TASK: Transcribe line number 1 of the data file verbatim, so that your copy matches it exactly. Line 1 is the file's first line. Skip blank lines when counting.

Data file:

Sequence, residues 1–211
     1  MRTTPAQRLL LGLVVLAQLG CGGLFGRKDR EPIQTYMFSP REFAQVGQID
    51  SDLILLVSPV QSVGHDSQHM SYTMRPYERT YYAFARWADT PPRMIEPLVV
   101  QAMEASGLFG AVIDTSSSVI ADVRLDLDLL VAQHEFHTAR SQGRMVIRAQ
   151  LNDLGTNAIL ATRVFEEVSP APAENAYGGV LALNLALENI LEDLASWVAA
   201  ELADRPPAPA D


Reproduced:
Sequence, residues 1–211